Spring Pond Maintenance
As spring and warmer weather arrive your pond or water garden becomes an important part of your daily life again. Although it’s not quite time to add new fish and plants, a small amount of maintenance will go a long way in maintaining the proper environment for your pond inhabitants. Your local climate plays a major role in when steps need to be taken, as well as what equipment will be necessary.
Water temperature in the pond is the most crucial factor determining the schedule of maintenance. If your pond is too cold when you start the process of “opening” your pond for the season undue stress may be placed upon your fish potentially causing diseases. Waiting until after the last frost of the year to begin working on your pond is a good general rule of thumb, or until the pond temperature is consistently around 50 degrees. Since your pond has been dormant for many months, the bacteria colony that was well established at the end of last year has completely died off and will need to be re-established in the pond filters. Water will need to be monitored and tested carefully for the first few weeks after the filters are running.
Once the temperature permits, remove leaves and other forms of debris that may have accumulated during the winter. This also includes removal of any sludge build up in your pond and filter.
The same products used in the fall to prepare your pond for the winter can help with your spring clean-up:
Pond Vacuum: These can be either pump powered or gravity powered. Use the vacuum to suck out debris and sludge.
Bottom Drain: By placing a bottom drain in a low point of your pond you can increase the amount of material that gets trapped in your filter.
Biological Pond Treatments: Special bacteria cultures have been formulated to maximize your biological filter efficiency, and to break down waste and debris biologically.
Along with the removal of this debris a partial change of approximately 25% is recommended. This will allow for the addition of well oxygenated water to the pond.
In warm climates, or climates in which temperatures do not stay below freezing you can let your pond filter run year round. However for those who live in cooler climates where temperatures can go below freezing, the pumps, filters and plumbing should have been shut down and drained over the winter. With the arrival of spring it is time to relocate them along with your Ultraviolet Sterilizers and prepare them for operation. It is very important to check to make sure impellers are still in place, no debris or dust has found its way into the mechanics and filter media is replaced.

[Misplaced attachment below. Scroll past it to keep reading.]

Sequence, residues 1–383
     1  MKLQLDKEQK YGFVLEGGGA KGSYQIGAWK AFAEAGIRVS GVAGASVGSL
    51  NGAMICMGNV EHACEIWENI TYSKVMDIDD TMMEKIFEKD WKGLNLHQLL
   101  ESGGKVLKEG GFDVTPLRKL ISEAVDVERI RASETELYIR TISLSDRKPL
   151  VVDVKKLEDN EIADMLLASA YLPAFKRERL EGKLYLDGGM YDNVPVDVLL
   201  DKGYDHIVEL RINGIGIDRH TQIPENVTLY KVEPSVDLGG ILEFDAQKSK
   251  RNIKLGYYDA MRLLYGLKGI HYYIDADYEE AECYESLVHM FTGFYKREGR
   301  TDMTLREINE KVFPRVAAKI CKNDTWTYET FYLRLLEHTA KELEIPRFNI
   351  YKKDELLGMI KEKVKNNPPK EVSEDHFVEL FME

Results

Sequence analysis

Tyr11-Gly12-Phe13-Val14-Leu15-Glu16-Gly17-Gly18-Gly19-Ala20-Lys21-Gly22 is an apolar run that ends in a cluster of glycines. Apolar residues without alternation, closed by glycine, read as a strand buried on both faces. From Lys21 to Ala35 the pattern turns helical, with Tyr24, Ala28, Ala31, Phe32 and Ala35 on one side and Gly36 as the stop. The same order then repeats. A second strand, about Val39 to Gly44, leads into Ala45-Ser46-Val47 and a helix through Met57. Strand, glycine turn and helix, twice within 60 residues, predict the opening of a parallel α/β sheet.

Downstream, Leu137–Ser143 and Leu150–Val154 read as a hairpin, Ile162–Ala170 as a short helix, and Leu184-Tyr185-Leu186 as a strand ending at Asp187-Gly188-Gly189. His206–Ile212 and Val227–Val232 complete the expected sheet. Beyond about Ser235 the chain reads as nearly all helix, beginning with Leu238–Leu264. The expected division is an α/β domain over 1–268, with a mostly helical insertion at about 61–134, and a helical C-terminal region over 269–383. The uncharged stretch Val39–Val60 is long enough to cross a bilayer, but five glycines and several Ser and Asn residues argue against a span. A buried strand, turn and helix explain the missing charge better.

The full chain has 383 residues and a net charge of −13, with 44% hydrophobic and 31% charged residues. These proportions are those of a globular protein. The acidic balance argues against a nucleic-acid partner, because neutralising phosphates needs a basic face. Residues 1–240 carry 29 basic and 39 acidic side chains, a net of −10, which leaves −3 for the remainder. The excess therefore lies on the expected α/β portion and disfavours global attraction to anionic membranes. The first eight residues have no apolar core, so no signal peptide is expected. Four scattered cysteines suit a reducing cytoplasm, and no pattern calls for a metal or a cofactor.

One of the best investments for your pond will be an Pond Ultraviolet Sterilizer. This will decrease the chances of parasites and unwanted organisms that may thrive as the pond slowly comes back to life. During the spring, fish are particularly vulnerable to disease, they are slowly becoming more and more active and their immune systems are still strengthening after being relatively dormant over the winter months. Also, as the sun is out more and more each day free floating algae can begin to take over. A U.V. Sterilizers will keep your pond clear allowing you the best conditions to view your fish.
Water temperature also plays a major role in fish keeping; you should always have a pond thermometer for your pond and track your temperature. As spring arrives and your water temperature returns to around 50 degrees, use a spring/fall food two to three times per week. Usually wheat germ based, spring/fall foods are easier to digest, and are safer to use as the fishes’ metabolism rises. During the summer when water temperatures are above 65 degrees your fishes’ metabolism is in high gear and they have hardy appetites. During this time use a high protein staple food which will allow fish to gain maximum weight and build up a fat reserve. Although you may have to add new fish to your pond, it is best to wait until the water temperature is around 65 degrees.
As spring moves into summer and water temperatures continue to rise, move your plants from the deep section of the pond back to the shelves they were the previous summer. New arrivals will have to wait until the last frost has passed, after which begin with plants such as water Hyacinth, water Lettuce and Hardy Lilies. Taros, Cannas, and the remaining tropical plants should only be added at the beginning of summer when the warmest water temperatures and the longest light period are available.